FileStream buffered output
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Thread: FileStream buffered output

  1. #1
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    FileStream buffered output

    I have some pretty large text files in excess of 600 MB on average that I need to open, read line by line, do some processing with that data, and then close the file. How does the FileStream object handle files of that size? Does it open them and store a buffered Stream (a cache maybe?) of their contents in memory? Or does it only buffer the input to memory when the input is read?

    I guess I'm trying to figure out how the FileStream class handles read and write operation without modifying the source file until you Flush() or Close() the stream. If you can "write" to the FileStream object without it modifying the original source file, how is that achieved?

    Thanks for the help
    R.I.P. 3.5" Floppy Drives
    "I know not with what weapons World War III will be fought, but World War IV will be fought with sticks and stones." - Albert Einstein

  2. #2
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    Re: FileStream buffered output

    I've done something similar recently with files around 800-1000 MB and in one of the situations where I had to do some replace work on the file, then the way I did it was create a FileStreamReader and FileStreamWriter and effectively copied the file while doing my transformation work.

    So I had a FileStreamReader where I called ReadLine (I could use ReadLine, as it contained line breaks) and then did the work on the line and wrote it back using my FileStreamWriter with the method WriteLine.
    Alternative (if ReadLine isn't an option) I could have used MemoryStream as a buffer, but I would properly still write it back into another file using FileStreamWriter just to keep the source file intact until my transformation was done.

  3. #3
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    Re: FileStream buffered output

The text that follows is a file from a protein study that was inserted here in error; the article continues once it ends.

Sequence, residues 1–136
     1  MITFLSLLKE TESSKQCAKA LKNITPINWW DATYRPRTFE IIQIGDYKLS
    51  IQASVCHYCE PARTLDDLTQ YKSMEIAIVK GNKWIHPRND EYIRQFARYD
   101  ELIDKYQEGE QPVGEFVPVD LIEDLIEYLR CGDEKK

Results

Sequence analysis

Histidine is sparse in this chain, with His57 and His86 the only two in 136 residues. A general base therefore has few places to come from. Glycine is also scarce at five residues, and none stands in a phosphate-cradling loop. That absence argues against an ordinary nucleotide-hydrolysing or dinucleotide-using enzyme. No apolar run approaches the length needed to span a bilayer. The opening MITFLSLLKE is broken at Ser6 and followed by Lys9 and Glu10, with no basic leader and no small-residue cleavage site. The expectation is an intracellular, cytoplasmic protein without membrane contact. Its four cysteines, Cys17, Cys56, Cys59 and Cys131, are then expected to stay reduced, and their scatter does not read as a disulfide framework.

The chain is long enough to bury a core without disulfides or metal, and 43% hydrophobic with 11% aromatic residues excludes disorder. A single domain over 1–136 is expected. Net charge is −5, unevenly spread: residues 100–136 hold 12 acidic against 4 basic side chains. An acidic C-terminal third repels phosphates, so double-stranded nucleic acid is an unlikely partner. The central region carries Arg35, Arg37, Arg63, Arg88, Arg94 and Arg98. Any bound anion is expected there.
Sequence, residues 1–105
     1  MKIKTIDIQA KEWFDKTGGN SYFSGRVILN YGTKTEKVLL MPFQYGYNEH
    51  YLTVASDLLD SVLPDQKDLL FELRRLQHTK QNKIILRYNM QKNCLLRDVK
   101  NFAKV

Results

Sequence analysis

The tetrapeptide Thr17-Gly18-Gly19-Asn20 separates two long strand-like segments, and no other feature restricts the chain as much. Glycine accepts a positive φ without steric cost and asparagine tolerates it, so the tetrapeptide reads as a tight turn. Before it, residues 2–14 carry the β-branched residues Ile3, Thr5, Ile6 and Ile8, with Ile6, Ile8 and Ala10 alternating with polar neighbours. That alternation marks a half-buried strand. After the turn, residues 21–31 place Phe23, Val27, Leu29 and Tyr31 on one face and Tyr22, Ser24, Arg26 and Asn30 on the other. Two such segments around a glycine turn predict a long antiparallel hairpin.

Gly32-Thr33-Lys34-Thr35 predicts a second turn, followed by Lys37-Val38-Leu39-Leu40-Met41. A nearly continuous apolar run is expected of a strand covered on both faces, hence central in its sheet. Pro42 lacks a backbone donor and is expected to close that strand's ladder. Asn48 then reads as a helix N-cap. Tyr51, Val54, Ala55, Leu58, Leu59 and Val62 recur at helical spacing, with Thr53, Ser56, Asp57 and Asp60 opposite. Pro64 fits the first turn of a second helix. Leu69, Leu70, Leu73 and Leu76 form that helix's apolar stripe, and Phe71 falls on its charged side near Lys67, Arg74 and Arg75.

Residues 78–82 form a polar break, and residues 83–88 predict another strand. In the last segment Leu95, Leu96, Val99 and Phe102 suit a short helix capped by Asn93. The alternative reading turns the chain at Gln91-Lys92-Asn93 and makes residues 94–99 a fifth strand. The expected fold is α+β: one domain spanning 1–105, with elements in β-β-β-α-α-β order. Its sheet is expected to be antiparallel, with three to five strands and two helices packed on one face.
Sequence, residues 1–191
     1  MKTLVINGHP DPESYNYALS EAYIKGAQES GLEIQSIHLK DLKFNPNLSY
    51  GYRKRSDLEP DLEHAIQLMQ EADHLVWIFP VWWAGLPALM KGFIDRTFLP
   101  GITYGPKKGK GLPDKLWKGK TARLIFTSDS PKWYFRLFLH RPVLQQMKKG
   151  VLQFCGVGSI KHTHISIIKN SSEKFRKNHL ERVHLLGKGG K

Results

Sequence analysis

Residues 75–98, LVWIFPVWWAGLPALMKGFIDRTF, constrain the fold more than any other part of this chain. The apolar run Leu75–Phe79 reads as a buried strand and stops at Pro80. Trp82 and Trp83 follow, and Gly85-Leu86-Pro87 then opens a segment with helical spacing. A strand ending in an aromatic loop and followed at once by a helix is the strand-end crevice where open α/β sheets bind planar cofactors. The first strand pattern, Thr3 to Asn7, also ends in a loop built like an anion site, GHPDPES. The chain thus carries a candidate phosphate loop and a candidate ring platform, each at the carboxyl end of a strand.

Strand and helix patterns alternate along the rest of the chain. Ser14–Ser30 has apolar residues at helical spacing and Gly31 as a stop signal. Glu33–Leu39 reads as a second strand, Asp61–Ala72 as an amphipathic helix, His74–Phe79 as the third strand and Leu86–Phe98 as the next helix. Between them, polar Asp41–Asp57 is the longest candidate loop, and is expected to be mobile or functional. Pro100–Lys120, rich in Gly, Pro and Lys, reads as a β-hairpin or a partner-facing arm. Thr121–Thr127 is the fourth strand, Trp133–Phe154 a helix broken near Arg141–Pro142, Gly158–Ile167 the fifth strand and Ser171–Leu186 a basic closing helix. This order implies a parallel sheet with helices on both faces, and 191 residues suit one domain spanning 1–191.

So you copied the file into memory? Or just to a "temp" location on disk so you could modify it? My main concern is that the application reading these files is going out to clients and I don't want to eat all of their RAM up by reading these files.
    R.I.P. 3.5" Floppy Drives
    "I know not with what weapons World War III will be fought, but World War IV will be fought with sticks and stones." - Albert Einstein

  4. #4
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    Re: FileStream buffered output

    Quote Originally Posted by RaleTheBlade View Post
    So you copied the file into memory? Or just to a "temp" location on disk so you could modify it? My main concern is that the application reading these files is going out to clients and I don't want to eat all of their RAM up by reading these files.
    I copied the file as I was worked on it, not prior to working. So only a small segment was read into memory at the time.

    I read a line into memory.
    Did my work on that line.
    Wrote the line back to another file.

    This left a small memory footprint because I only had one line in memory, and the IO didn't seem to be a significant factor either.
    If you can't "read line", due to for example not having line breaks or similar, I would read a segment of a predetermined size into a memorystream, work on it and write it to disk.

    Then when done you can delete the first file and rename the second or how you want to handle it the result.

  5. #5
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    Re: FileStream buffered output

    I gotcha... That was an option for us and that is basically how Im doing it now I was just curious as to how the FileStream class handled IO as far as opening a Stream, writing to the Stream, and saving the Stream. Because I know when you open a FileStream, you can make changes to the contents of the stream without changing the original source file unless Flush() or Close() is called.
    R.I.P. 3.5" Floppy Drives
    "I know not with what weapons World War III will be fought, but World War IV will be fought with sticks and stones." - Albert Einstein

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